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In many places the chorus in Sophocles’ play, Antigone, speaks of yielding to sound council as a virtue and refusing to yield to authority as a vice. When Haemon tells his father that the people of the state are speaking ill of him and believe that Antigone was not wrong to bury her brother, the chorus begs Creon to listen to his advice. When Teiresias tells Creon that the gods are angered by Creon’s refusal to bury his nephew and having his niece buried alive and warns him that the gods will punish him, again the chorus begs Creon to listen Teiresias’s advice and submit to the authority of the gods.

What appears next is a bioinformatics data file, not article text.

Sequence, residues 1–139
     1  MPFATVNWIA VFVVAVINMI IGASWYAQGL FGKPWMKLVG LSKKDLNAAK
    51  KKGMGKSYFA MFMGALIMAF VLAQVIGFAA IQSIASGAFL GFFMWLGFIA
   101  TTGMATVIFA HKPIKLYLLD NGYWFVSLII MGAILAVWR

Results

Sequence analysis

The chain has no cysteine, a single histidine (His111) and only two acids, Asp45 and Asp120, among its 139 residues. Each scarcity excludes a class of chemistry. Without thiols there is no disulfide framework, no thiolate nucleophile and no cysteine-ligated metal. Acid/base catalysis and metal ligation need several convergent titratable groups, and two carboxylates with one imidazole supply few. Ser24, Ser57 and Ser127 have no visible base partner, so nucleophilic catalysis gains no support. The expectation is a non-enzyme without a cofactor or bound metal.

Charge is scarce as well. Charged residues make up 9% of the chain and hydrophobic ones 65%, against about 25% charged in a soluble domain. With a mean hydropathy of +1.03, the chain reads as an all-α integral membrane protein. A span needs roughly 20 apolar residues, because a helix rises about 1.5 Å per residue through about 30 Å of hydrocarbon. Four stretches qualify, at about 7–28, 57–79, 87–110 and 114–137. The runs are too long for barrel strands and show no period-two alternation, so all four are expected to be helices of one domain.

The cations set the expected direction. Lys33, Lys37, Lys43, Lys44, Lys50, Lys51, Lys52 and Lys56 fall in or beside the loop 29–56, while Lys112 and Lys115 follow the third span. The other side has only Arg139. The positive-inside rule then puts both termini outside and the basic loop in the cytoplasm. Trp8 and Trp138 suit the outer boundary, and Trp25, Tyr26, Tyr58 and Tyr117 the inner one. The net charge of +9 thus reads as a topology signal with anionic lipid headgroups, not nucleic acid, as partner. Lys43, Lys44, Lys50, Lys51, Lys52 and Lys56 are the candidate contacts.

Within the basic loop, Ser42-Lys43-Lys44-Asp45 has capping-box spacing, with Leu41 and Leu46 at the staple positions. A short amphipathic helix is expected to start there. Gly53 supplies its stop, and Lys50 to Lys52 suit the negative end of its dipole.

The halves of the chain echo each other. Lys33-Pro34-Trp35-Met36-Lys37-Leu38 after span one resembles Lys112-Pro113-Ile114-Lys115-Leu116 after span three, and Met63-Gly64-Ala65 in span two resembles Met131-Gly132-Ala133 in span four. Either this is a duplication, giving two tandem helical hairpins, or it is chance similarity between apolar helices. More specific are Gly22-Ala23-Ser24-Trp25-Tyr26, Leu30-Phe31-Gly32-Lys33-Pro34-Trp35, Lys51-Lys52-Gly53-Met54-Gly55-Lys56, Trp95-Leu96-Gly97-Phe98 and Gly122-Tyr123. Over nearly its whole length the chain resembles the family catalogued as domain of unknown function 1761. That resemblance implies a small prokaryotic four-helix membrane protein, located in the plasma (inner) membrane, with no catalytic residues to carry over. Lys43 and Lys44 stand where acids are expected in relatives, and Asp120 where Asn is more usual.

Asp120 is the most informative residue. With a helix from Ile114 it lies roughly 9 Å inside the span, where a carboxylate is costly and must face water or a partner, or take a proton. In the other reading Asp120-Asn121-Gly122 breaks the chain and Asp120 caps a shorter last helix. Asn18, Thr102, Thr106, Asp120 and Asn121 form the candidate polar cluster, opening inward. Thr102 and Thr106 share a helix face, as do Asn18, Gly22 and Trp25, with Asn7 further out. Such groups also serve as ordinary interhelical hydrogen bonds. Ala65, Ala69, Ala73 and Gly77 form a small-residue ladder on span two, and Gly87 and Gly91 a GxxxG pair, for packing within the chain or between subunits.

On the other hand, while Antigone was not believed to have been wrong in burying her brother, the chorus tells her that she was wrong in having refused to submit to Creon’s authority, saying, “it is ill to disobey the powers who hold by might the sway. Thou hast withstood authority, a self-willed rebel, thou must die.”
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